During the summer of 1940 we were told of this school in Cudworth where the curriculum was far in advance of ours in Brierley. I can’t remember how it all began but some of us were interested and asked our parents if we could transfer. They in turn asked Mr Foster who said that he had no objections to us transferring, provided we were accepted, as it was a better school with modern facilities. So on the day of restart after the summer break four boys and two girls presented themselves with a parent at Cudworth Modern School to see the head teacher of each category. Apart from myself there was Jim Bond, Walter Deighton and Ken Grimes. The girls were Monica Lukins and Diana Hanson. We were accepted and all started in the ‘A’ stream – there were 3 streams 1, 2 and 3a, 1, 2 and 3b, 1, 2 and 3c plus form ‘S’. I don’t intend to write about my 18 months at Cudworth other than it was worth the change. Reading and writing became English, then there was Maths, Geography, History, Music, Science, Metalwork, Woodwork, Art and a library subject had a specialist teacher and room plus a gymnasium and a sports field It was indeed a modern building with a modern concept on education – it broadened our outlook on life.

     To make travel a bit more economic I had to have a bicycle so that I, and other lads, could come home at lunchtime, as meals were four pence (2p) a day. One Saturday afternoon I went into Barnsley on the bus and dad in on his bicycle and met me. We went to a little cycle shop at the bottom of Dodworth Road (now gone) and I was allowed to choose a suitable model, which cost £4-10-00 (£4.50p). Dad paid for it and we rode home together. “What about the money” I asked. This was more than he earned in a week. Apparently the three pence a week, which I took to school for years and paid into the Yorkshire Penny Bank, had accumulated into a tidy sum cared for by grandmother. I was rich and never knew it. The balance of a few shillings paid for a new jacket and cap. I left old mates behind and made new ones, Peter Sparrow and his family moved to Leeds where his dad and brother in law found new work in the Blackburn aircraft factory, Pete soon followed, as he was my age. In my class were two lads, who I think now live in Brierley, Jack West and Ernest Gardener. There was also Frank Winset whose dad was missing in North Africa and was eventually listed as a prisoner of war in Italy. Cliff Iveson who was very athletic, Billy Bates, Jim McDonald who had some success as a boxer, Ron Rigby who later became a Barnsley councillor, and so it could go on.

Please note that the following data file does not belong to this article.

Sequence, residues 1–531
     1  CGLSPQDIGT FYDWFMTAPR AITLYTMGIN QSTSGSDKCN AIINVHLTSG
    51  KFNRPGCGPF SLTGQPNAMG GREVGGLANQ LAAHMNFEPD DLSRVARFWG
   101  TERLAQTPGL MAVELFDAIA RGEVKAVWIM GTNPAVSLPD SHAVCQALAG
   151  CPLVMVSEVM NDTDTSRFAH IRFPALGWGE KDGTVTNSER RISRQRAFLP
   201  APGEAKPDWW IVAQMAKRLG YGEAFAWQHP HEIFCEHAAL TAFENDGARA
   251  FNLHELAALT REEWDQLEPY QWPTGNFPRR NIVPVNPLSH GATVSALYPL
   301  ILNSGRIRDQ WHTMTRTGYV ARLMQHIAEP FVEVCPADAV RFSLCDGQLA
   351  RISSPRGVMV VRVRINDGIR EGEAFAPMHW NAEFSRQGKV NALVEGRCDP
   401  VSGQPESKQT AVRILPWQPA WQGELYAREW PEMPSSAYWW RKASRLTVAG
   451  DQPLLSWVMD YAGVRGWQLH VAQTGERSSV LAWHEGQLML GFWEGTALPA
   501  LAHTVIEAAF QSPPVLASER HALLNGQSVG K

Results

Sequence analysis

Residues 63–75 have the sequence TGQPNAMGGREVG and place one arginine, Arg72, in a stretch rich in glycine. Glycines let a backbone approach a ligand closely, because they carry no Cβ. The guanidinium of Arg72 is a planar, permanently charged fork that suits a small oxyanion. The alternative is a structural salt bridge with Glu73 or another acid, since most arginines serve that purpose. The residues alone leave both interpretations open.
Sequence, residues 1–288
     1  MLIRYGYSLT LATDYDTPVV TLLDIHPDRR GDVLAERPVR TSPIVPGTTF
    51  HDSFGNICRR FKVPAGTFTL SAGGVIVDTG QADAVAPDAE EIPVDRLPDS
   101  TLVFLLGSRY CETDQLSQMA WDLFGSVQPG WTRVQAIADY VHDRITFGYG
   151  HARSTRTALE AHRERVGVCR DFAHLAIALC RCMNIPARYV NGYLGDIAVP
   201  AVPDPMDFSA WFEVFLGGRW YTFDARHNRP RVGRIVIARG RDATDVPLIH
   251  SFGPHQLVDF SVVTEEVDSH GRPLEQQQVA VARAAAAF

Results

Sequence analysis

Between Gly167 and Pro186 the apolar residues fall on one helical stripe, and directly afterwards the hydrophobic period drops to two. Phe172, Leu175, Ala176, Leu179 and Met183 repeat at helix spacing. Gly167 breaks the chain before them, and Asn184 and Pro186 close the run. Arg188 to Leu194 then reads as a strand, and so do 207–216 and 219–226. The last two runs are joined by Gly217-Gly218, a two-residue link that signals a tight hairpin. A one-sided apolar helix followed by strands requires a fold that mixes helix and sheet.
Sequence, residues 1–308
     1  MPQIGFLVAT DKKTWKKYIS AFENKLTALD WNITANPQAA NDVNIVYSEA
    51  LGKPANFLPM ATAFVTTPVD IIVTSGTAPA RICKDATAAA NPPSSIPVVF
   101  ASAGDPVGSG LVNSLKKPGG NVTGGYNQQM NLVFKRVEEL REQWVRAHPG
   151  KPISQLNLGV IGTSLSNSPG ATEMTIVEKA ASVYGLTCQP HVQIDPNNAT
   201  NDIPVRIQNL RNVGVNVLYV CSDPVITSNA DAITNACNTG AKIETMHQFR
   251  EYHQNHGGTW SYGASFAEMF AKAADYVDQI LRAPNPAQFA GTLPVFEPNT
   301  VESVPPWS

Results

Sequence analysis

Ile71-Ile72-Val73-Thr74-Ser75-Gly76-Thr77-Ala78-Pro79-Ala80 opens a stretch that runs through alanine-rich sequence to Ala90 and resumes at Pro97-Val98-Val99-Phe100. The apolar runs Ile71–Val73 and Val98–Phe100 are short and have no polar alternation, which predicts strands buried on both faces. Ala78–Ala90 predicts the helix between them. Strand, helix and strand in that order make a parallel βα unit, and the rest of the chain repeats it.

One item, which I forgot to mention, was the presence of two fish and chips shops in the village and of course the surgery. One fish shop was halfway down Barnsley Road and was used to serve one half of the village. This was owned by Mr and Mrs Massey and served that end of Brierley. I could never understand why they used only one pan – first for chips and then for the fish, which meant rather a long wait. Mr and Mrs Naylor who also had the off-license directly opposite the church owned the other shop. Mrs Naylor operated the fish shop which was in what is now Church Drive, using both pans, coal fired, naturally. Both fish shops were spotlessly clean and the cost was the same at each i.e. a portion of fish was tuppence and chips a penny a portion.

     Joe Kenyon whose shop was opposite the Three Horse Shoes was an excellent butcher and baker of bread and teacakes. My parents never bought sausages or meat from anyone else, as long as he was in business. Mr Kay was a baker and confectioner and had the shop at the bottom of Barnsley Road. Often I was sent for a ¼ of boiled ham and 6 buns on Saturday teatime, they cost one shilling (5p). Mother always baked on a Sunday morning. Mr Kay travelled the village, selling his products on a three wheeled cycle with a large cupboard like box on the front when opened it revealed several trays on runners full of delicious cakes, buns, scones etc.